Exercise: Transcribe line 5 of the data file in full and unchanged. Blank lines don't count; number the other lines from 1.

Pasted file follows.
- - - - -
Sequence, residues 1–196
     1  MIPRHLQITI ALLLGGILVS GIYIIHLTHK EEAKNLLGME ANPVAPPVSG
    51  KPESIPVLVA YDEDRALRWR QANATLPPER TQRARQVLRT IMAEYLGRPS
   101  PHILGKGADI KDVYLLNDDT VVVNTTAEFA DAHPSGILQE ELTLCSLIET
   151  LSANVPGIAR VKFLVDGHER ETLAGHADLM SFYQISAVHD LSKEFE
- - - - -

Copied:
   151  LSANVPGIAR VKFLVDGHER ETLAGHADLM SFYQISAVHD LSKEFE